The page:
By CHINA DAILY
ASIA NEWS NETWORK
“The e-hailing market should enter into a healthy and stable period between 2019 and 2021 driven mainly by robust demand as consumers still take e-hailing as a cheap and convenient means of transportation,” said Raymond Tsang, a partner at management and consulting firm Bain & Co.
It is forecast that the country’s e-hailing market will grow at an annual compound rate of 10 to 15 per cent in 2021, higher than the forecast of less than 5 per cent year-on-year.
“Further opportunities remain in the lower-tier cities as demand in the top-tier is already saturated. The growth rate of monthly active users in top-tier cities only hit 10 per cent by the third quarter of last year,” Tsang said.
China’s mobility market is expected to hit a bumpy patch because of increased supervision by the government and rising worries over safety after a passenger was killed by a driver while using the “hitch” service on the platform of major ride-hailing firm Didi Chuxing.
A Bain & Company report said shared mobility investments in China fell 48 per cent last year, mainly due to a decline of 90 per cent in e-hailing investment.
Three of the four major mobility sectors, including e-hailing, bike sharing and business-to-consumer car sharing, are floundering in the country. Only the instant delivery services are showing signs of growth, with sales rising by 40 per cent in 2018, Bain & Company research showed.
“Despite these challenges, we see a route to profits for the mobility industry, not only in China but throughout Asia’s developing markets, from Indonesia to India,” said Tsang.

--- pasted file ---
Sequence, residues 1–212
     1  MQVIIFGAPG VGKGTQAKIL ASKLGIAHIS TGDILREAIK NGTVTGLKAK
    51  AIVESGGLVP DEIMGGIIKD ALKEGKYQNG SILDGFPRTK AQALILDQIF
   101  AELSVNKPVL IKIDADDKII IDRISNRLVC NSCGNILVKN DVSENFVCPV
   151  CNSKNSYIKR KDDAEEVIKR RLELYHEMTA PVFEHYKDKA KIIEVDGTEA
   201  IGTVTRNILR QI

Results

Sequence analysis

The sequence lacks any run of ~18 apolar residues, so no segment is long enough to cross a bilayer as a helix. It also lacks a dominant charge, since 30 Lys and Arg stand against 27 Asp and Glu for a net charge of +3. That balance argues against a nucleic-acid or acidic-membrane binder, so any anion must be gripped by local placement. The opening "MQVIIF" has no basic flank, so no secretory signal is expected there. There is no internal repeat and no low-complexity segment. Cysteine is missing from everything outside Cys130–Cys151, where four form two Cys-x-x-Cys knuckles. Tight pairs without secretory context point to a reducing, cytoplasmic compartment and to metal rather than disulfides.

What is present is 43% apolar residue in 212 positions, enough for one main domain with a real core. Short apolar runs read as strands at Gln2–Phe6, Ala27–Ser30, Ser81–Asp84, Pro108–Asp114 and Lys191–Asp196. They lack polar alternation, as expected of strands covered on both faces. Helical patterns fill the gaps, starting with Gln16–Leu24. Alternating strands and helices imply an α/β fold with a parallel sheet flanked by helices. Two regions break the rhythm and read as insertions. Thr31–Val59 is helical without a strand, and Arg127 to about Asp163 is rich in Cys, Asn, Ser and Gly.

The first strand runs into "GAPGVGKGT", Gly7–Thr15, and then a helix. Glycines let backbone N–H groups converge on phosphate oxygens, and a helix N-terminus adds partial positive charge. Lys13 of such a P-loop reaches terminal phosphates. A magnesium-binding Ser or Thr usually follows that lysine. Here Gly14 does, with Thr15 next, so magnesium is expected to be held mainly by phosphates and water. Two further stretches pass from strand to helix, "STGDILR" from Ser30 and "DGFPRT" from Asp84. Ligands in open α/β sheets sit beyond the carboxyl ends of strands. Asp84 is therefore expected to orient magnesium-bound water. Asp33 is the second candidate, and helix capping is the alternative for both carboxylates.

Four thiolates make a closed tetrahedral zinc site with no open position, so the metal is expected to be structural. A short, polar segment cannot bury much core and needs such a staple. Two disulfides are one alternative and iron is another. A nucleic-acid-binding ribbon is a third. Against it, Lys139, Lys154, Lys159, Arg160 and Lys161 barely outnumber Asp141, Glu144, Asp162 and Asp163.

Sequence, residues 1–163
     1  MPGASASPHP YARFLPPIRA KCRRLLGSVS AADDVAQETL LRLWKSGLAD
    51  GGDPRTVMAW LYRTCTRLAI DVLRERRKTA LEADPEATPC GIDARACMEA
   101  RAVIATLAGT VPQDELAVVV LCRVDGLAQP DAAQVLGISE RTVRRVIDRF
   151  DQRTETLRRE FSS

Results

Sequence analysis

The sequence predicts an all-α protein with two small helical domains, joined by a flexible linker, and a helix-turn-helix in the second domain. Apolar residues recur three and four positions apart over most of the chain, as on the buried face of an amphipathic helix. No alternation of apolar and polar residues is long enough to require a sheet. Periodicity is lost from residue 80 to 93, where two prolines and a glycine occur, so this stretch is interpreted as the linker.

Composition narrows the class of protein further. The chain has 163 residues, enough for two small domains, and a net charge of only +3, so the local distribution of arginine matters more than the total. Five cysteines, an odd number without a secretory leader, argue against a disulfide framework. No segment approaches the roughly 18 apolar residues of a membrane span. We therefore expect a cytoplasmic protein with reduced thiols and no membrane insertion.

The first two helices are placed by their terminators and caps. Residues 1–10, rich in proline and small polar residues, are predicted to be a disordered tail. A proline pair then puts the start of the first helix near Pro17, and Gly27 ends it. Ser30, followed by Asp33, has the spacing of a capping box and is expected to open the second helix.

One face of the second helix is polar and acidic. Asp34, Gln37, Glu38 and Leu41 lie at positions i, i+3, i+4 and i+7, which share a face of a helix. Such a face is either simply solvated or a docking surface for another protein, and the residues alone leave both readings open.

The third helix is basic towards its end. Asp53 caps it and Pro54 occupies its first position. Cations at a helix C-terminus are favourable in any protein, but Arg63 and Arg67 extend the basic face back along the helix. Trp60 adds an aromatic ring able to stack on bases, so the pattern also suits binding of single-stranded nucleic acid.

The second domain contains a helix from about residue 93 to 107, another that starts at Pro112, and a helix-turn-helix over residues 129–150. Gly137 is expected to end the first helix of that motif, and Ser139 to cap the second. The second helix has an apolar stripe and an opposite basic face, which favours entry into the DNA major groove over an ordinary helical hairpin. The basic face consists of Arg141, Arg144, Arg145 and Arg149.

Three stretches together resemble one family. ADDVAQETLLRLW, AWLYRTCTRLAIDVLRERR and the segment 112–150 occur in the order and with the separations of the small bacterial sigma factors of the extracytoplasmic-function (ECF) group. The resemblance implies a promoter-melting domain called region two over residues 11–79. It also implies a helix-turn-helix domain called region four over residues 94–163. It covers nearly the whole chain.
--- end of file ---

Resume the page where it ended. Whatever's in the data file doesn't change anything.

He said the essentials of such a recovery lie in restoring customer confidence, and Chinese companies are already responding to safety concerns by implementing functions such as emergency contacts and real-time location sharing.
Didi said it plans to invest more than 2 billion yuan (Bt8.7 billion) this year as part of a broader effort to improve safety mechanisms for passengers and drivers on its platform. It also unveiled a special protection plan for women passengers, who account for 50 per cent of "hitch" service users.
"Safety is the bottom line for all transportation services, and even if the ‘hitch’ service is resumed in the future, the only key performance indicator is whether it is safe enough, not how much profit it brings,” said CEO Cheng Wei, following the suspension of the hitch service.
Beyond restoring consumer confidence, Tsang said that companies should also scramble to get creative on the back end to improve efficiencies and cut operating losses.
“For example, e-hailing companies can reap significant benefits by investing in electric vehicle fleets. This could decrease fuels costs by as much as 65 per cent according to our research,” he added.